The medical treatment of women and children, including a two-month-old baby, for exposure to chemical agents near Iraq’s second-largest city Mosul has prompted suspicion that the Islamic State (ISIS/ISIL) may have used chemical weapons.
Tens of thousands of U.S.-backed Iraqi forces and their allies are fighting to push ISIS out of Mosul, considered to be the terrorist group’s last major stronghold in Iraq.
When the operation to retake the city began in mid-October 2016, U.S. officials expressed concern that ISIS would use crudely-designed chemical weapons, primarily packed with a sulfur mustard gas agent, to defend Mosul.
On Friday, the International Committee of the Red Cross (ICRC) announced that their doctors were treating five children and two womenfor exposure to chemical agents, adding that it “condemns in the strongest possible terms the use of chemical weapons during fighting around the Iraqi city of Mosul.”
In collaboration with local medical teams, the ICRC is helping to treat the seven chemical weapons victims in Erbil, the capital of northern Iraq’s autonomous Kurdish Region, located east of Mosul.
ICRC did not explicitly say which side used the chemical agents on the women and children, which caused blisters, irritation, vomiting, and coughing.
However, the Washington Post (WaPo) reports:
Twelve people from the embattled city of Mosul, including a 2-month-old baby, have been treated for suspected exposure to a blistering chemical agent, medics said Saturday, as Islamic State militants strike back at government-held neighborhoods while trying to hold off advancing government forces.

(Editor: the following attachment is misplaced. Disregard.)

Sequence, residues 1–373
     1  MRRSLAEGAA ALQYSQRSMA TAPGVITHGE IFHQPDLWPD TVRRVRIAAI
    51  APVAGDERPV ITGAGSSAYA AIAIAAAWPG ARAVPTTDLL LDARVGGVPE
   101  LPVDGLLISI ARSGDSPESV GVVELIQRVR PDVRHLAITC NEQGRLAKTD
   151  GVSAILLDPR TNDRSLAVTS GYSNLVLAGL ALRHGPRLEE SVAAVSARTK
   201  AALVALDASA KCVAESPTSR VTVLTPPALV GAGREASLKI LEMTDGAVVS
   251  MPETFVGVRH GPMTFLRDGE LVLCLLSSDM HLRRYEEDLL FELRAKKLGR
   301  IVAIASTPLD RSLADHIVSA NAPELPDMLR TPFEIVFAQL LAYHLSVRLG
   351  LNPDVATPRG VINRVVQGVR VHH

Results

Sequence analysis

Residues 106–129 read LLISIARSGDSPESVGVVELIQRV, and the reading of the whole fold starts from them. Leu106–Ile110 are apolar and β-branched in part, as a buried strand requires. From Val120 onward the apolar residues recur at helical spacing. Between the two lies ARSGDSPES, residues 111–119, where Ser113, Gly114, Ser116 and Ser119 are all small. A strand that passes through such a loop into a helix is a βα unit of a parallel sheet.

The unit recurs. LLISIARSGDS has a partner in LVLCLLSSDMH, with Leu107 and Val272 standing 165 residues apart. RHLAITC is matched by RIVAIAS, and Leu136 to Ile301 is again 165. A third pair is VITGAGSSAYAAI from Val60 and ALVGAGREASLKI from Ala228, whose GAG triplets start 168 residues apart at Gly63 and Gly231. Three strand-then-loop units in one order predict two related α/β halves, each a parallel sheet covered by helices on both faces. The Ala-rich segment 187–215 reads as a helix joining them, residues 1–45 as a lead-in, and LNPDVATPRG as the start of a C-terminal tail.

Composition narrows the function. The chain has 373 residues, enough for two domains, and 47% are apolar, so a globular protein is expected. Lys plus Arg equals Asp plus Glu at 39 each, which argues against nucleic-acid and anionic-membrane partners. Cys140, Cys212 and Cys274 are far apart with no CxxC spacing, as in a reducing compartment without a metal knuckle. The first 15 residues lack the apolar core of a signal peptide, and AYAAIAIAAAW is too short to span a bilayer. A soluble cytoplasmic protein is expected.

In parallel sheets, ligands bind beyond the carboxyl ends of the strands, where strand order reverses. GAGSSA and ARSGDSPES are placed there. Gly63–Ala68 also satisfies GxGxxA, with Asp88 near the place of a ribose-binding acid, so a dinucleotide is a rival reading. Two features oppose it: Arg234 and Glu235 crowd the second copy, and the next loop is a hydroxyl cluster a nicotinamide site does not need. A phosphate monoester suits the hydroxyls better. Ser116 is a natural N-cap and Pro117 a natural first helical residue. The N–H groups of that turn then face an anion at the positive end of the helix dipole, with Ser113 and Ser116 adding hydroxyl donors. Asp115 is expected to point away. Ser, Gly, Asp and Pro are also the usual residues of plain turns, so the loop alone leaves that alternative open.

The patients, who were being treated in a hospital in the northern Kurdish city of Irbil, displayed symptoms of a chemical attack, including blisters, burns, respiratory problems, irritation to the eyes and vomiting. They described three separate attacks with rockets carrying gas over the past week on neighborhoods in eastern Mosul recaptured by government forces.
Citing data collected by the research firm IHS Markit, Reuters reports “the Islamic State used chemical weapons at least 52 times in Iraq and Syria and at least 19 times in the areas around Mosul between 2014 and November 2016.”
“The ICRC had reinforced 13 medical centers in areas surrounding Mosul, some with capacity to treat gas attacks victims, ahead of the offensive that started in October.”
In northern Iraq alone, ISIS jihadists have already targeted U.S. troops, Kurdish Peshmerga forces, and civilians with chemical weapons.
On September 20, ISIS used chemical weapons against U.S. troops at the Qayyarah base, marking the first recorded chemical attack on the United States since the Islamic State’s rise in Iraq in 2014. No one was killed or wounded in the assault.
“We recognize this is real. They’re dead set on it. They would love to be able to use chemical weapons against us, against the Iraqis as they move forward,” U.S. Navy Capt. Jeff Davis, a Pentagon spokesman, told reporters in September 2016. “We are making every effort to make sure that we’re ready for it.”
The U.S.-backed Iraqi alliance fighting to retake Mosul has already liberated the eastern half of the city. They are now fighting to push ISIS out of the western half.
A local Iraqi news outlet cited an unnamed source as saying that Islamic State leader Abu Bakr al-Baghdadi admitted defeat in a recent “farewell speech,” telling his Iraqi fighters in the battlefield to “flee and hide” or “ blow themselves up when surrounded by Iraqi forces.